The human toll of the anti-union violence can be felt in a small home at the end of a narrow street a few miles from Santo Domingo's highly touted urban transformation. Inside, the widow of a union man remembered for his gentle sense of humor recounts her husband's killing on their doorstep.
"I heard two sounds, like when you take the cork out of a wine bottle. Then I heard something fall," says Maria Durango, 64, weeping. "He didn't cry out. I went to the door, looked down and saw him on his back. When (our daughter) went to move him, a stream of blood came out of his head."
The victim, Factor Antonio Durango, 54, moved to the city in 1996 after paramilitaries in rural Uraba threatened to kill him for trying to organize workers on a banana plantation. He got a job selling lottery tickets on a street corner, part of a booming trade in Medellin, but one controlled by paramilitaries. In 2000, he organized the lottery ticket sellers into a new union. Soon, he was being followed and receiving threatening phone calls, which he told his wife came from the paramilitaries. These armed bands emerged in the 1990s to battle left-wing guerillas on behalf of powerful landowners, businesses and drug barons.
The government assigned Durango bodyguards in 2003, but withdrew them the following year, even though a gunman had shot him through the hand in the interim. Then, in August 2005, as he approached his front door, he was shot in the head and back.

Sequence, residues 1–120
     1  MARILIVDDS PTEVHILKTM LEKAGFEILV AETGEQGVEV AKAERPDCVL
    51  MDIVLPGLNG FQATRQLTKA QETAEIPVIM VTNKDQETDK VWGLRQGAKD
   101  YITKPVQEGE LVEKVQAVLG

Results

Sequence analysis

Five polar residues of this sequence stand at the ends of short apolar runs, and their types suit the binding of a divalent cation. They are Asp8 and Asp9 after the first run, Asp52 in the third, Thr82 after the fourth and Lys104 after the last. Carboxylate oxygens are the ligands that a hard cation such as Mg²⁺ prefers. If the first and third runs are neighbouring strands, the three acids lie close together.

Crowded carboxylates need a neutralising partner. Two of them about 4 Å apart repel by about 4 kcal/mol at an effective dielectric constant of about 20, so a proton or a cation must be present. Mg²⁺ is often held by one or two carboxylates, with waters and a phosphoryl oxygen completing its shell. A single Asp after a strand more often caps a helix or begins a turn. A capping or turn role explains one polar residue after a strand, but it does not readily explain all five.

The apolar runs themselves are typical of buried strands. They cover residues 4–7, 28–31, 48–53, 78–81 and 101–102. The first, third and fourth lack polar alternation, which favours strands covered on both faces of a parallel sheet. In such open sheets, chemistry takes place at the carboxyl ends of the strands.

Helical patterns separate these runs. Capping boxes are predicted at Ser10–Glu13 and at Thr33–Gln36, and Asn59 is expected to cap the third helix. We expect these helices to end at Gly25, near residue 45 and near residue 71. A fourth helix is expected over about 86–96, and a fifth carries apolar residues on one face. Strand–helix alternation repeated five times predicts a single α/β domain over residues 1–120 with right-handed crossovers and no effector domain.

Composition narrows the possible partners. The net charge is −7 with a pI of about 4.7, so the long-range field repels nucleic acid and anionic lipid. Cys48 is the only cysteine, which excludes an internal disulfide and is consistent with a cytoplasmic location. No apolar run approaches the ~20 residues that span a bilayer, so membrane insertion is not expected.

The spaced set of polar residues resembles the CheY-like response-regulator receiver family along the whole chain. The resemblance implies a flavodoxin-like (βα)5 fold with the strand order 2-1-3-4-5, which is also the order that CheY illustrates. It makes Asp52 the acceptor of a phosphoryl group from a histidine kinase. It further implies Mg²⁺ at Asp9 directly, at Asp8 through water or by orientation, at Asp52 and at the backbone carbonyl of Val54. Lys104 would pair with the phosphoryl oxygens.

His family bundled the bleeding man into a taxi and rushed him to a clinic. "He said, 'My head hurts a lot; don't let me die,' " recalls daughter Patricia, 26, a nurse's assistant. Durango lingered for two days before leaving three children and a widow, who scrapes by on monthly union payments of $75.
The family says authorities quickly closed the investigation into his killing without charging anyone. But three months ago, with Colombia under fire for not prosecuting more union killers, the government reopened the case.
Prosecuting unsolved cases
Though other government officials have suggested that many of the activists were killed for reasons unrelated to their organizing work, Prosecutor General Mario Iguaran — who assigned 13 attorneys and 77 investigators to probe roughly 200 unsolved union killings — says: "In most of the cases, the assassination took place because of their union activities."
To date, of the 2,539 recorded murders of union members, only 80 prosecutions have resulted, according to Jose Sanin, director general of the non-profit Escuela Nacional Sindical. "More than 2,000 haven't even had an investigation," he says.
Some union leaders say an end to violence and threats would do nothing to change their thinking on the trade deal. They link a broad climate of hostility toward organized labor to the free-market economic formula that Washington has promoted in Latin America for almost two decades. Starting in the early 1990s, a wave of privatizations swept several industries, spurring job cuts, reducing benefits and leaving unions with 4.8% of the labor force, vs. 14% two decades ago.
"Free trade is killing us as much as bullets are," says Gustavo Triana, an official with the country's largest labor federation, the Central Unitaria de Trabajadores de Colombia.